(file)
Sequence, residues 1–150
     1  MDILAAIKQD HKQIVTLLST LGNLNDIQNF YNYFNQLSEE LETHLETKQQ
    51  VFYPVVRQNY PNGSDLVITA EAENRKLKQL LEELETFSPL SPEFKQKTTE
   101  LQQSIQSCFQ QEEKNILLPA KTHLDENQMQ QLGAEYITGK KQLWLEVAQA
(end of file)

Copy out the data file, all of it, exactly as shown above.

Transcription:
Sequence, residues 1–150
     1  MDILAAIKQD HKQIVTLLST LGNLNDIQNF YNYFNQLSEE LETHLETKQQ
    51  VFYPVVRQNY PNGSDLVITA EAENRKLKQL LEELETFSPL SPEFKQKTTE
   101  LQQSIQSCFQ QEEKNILLPA KTHLDENQMQ QLGAEYITGK KQLWLEVAQA